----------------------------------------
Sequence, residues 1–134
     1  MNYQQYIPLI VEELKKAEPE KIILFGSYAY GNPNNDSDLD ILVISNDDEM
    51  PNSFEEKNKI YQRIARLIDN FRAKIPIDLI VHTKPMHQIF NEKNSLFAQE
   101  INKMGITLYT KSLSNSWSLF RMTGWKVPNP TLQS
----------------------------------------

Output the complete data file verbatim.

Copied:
Sequence, residues 1–134
     1  MNYQQYIPLI VEELKKAEPE KIILFGSYAY GNPNNDSDLD ILVISNDDEM
    51  PNSFEEKNKI YQRIARLIDN FRAKIPIDLI VHTKPMHQIF NEKNSLFAQE
   101  INKMGITLYT KSLSNSWSLF RMTGWKVPNP TLQS